am 17. April 1999
Jaguar Mark 2? Pshaw! Chateau Latour '49? Snort!
You'll have to excuse me, I'm practising Law 36: "Disdain the things you cannot have". Frankly, it doesn't work.
However, it's fortunate for people as ambitious and venal as you and I, that most of Robert Greene's other laws are ideal guides for modern behaviour, particularly in business or politics. Indeed, we can quickly build careers based on Law 7: "Get others to do the work for you but always take the credit."
With the morals of vultures but the faces of angels (more of that asset later), we will quietly circle a stooge before winging down and tearing off gobbets of glory. Our hero should be Thomas Edison who allowed a naïve European scientist named Nikola Telsa to work 18-hour days, on the promise of a $50,000 bonus, to redesign Edison's primitive dynamos. When Telsa finally produced the new product and asked for his money Edison explained: "You don't understand our American humour", and offered a small pay rise instead.
Guglielmo Marconi joined in the Telsa-baiting fun by broadcasting a signal across the English Channel in 1899 while making use of a patent Telsa had filed two years previously. Once again Telsa received no money and no credit.
Law 7 segues nicely into Law 26: "Keep your hands clean". By using scapegoats and cat's-paws, our hands will never be soiled by mistakes or nasty deeds. The term cat's-paw, incidentally, comes from the fable in which the Monkey grabs the paw of his friend, the Cat, and uses it to scoop chestnuts out of the fire. While scapegoats are easily found (in fact I can loan you a couple), cat's-paws are more of a challenge to identify.
Don't be put off. Follow the example of Cleopatra who had a double success with the cat's-paw method. She convinced Julius Caesar and later Marc Antony to decimate her unruly family members at little risk to herself.
Mao Tse-tung also recognised the charm of Law 26. During the civil war, he convinced his rival Chiang Kai-shek to join forces against the invading Japanese. Chiang thought Mao had gone soft. Chiang believed that, once the combined Chinese forces had defeated the Japanese, the Nationalists could get back to the task of trouncing the Communists. With that delicious prospect in mind, Chiang agreed and ordered his troops into a conventional, debilitating war against the Japanese. The Communists on the other hand used less demanding hit-and-run guerrilla tactics to harry the Japanese.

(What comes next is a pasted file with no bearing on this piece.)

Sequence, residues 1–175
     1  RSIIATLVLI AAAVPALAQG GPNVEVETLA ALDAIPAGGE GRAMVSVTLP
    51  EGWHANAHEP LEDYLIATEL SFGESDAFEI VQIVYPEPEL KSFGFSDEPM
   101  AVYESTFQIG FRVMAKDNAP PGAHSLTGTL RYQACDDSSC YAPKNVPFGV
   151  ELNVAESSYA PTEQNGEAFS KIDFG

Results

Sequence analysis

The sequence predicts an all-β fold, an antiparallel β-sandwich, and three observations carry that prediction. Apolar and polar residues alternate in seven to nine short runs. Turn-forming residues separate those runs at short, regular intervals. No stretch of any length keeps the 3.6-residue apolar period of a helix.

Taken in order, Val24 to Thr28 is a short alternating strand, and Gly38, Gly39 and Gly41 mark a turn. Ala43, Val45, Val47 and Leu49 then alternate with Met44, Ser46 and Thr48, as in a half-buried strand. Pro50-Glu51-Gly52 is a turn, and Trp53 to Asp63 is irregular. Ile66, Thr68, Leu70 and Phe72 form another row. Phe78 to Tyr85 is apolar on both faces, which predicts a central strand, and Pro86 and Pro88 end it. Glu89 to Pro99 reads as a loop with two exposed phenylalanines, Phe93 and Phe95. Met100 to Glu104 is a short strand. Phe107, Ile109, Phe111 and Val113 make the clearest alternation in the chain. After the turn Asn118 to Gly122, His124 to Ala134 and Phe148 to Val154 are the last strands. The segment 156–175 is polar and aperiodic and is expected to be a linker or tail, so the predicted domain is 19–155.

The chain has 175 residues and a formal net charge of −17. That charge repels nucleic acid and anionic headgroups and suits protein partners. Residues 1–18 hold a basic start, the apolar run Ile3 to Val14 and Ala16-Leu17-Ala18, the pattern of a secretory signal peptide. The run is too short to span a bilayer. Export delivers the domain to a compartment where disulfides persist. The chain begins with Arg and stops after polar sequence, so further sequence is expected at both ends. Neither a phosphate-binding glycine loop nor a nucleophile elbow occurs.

After the Japanese were finally shooed from the country, the weakened Nationalists found themselves confronted and finally beaten by the fighting-fit Communists.
But what if prissy onlookers, watching you and I behave Monkey-like on the corporate or political stages, take umbrage at our anti-social, insensitive lifestyles? Well, phooey to them. In fact the angrier our enemies become the calmer and more objective we should stay. That's the essence of Law 30: "Stir up waters to catch fish". Be aware that anger and emotion are strategically counter productive. Tantrums neither intimidate nor inspire loyalty, they only create doubts and uneasiness about your power. Green points out that Napoleon lost more than his cool when, in front of his government ministers, he screamed at a serene Talleyrand: "You, by the way, are nothing but shit in silk stockings!" As they watched the apoplectic Napoleon become more and more unhinged, the ministers realised Tallyerand had successfully humiliated their leader by not responding in anger.